I’ve blogged previously about my touching and edifying adventure with unemployment benefits-you know, the saga about how I, a hardworking, exemplary citizen, only managed to find a job when my benefits were about to expire.
US News & World Report has an interesting piece today on the battle over whether to extend unemployment benefits for the sixth time since 2008. “With unemployment at a shockingly high 9.5 percent, that only seems humane,” the piece states.
Yes, it may seem humane, but the article adds:
It can’t go on. Our entire concept of what the government should do for us has become a fantasy, with most Americans feeling entitled to a lot more than the government–we taxpayers–can afford. In coming years this will inevitably impact recipients of Medicare, Social Security, Medicaid, and many other government payments. In other words, mostly everybody. At the moment, the battle over unemployment benefits represents an instructive microcosm of fiscal dysfunction that’s only going to get worse.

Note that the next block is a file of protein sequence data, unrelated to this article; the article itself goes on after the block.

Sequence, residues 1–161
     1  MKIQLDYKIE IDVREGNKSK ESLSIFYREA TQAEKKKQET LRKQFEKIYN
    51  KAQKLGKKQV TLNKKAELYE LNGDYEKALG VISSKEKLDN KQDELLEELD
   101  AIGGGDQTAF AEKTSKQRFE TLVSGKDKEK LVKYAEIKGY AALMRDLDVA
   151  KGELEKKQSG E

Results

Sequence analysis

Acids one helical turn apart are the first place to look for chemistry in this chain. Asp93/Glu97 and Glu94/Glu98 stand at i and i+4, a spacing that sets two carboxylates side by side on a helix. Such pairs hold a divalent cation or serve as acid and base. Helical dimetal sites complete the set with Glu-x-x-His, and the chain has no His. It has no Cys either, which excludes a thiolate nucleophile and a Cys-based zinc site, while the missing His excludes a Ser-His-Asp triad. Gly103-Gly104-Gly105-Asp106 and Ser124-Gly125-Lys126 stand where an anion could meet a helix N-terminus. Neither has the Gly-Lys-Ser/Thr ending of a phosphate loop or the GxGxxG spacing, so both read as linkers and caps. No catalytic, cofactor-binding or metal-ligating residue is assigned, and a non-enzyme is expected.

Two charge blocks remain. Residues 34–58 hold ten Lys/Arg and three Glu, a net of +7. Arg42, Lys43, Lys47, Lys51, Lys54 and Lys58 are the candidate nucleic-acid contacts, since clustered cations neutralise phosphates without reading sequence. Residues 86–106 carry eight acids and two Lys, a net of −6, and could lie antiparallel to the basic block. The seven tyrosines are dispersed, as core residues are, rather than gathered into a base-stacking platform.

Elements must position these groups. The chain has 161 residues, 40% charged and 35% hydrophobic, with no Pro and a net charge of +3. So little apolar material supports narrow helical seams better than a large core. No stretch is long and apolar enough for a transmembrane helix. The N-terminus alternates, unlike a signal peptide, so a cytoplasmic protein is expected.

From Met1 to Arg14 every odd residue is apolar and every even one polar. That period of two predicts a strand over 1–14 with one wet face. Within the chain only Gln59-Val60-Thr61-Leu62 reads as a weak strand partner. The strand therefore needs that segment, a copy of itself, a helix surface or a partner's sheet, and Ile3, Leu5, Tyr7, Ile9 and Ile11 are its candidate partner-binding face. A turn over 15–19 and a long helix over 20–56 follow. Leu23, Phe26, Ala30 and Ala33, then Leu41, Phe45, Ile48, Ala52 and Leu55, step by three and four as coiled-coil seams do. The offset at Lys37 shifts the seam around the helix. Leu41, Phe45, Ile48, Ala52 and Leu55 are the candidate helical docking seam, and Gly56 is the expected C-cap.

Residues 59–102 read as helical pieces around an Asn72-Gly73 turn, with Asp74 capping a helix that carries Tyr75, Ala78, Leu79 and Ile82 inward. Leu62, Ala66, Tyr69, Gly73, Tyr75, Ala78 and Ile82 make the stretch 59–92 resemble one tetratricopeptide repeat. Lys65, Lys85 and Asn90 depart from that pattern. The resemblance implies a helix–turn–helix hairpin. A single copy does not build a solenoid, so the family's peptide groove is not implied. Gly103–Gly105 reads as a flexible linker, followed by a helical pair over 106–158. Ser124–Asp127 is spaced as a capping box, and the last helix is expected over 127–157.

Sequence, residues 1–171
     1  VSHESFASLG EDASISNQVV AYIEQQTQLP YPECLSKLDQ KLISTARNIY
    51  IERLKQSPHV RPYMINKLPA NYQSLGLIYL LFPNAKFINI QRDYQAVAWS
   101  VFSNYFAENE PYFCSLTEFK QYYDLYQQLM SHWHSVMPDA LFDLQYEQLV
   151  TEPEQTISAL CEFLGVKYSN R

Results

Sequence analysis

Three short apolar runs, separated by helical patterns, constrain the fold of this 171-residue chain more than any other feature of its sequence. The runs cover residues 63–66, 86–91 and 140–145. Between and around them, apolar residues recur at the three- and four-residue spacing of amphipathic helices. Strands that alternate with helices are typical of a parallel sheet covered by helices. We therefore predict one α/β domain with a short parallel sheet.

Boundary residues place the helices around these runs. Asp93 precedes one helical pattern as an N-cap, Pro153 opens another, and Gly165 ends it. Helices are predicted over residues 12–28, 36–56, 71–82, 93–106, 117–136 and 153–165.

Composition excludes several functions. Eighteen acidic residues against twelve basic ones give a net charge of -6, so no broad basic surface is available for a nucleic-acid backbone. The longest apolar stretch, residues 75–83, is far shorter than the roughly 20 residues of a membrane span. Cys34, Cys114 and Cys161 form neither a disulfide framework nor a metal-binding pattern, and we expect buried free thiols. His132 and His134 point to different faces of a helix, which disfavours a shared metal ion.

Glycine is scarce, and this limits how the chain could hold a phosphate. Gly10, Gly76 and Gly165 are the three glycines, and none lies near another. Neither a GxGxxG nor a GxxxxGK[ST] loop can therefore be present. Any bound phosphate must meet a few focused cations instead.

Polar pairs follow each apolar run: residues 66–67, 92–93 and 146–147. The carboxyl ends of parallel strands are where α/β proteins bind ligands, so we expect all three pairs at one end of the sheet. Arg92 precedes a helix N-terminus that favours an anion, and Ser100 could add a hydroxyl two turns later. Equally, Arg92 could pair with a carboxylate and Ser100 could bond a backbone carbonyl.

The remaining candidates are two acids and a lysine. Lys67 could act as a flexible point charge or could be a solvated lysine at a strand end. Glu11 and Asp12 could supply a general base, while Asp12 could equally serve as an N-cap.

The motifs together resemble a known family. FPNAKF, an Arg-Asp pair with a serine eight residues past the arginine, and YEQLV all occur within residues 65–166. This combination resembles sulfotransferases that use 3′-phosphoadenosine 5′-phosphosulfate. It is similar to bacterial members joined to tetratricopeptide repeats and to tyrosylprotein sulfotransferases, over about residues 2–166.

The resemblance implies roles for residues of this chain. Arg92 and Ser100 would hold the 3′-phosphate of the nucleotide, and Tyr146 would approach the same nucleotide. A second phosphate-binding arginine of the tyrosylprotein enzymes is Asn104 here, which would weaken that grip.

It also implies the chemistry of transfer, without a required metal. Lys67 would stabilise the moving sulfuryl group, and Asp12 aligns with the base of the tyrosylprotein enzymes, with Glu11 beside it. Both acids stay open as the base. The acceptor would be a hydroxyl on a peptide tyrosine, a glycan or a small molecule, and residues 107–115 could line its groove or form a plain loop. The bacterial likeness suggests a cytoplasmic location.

My own experience was instructive-I would have been terrified without the prospect of unemployment benefits when I lost a job in the early 1990s. On the other hand, I only dabbled at finding a job until they were about to run out.
The job I took was one I would never have gone for if it had not been absolutely necessary-and yet, it was one of the best decisions of my life, because in that job, for the first time, I was not only a writer but an editor. Having the new skill of editing changed my life.
And it only happened because the grim specter of want was knocking at the door.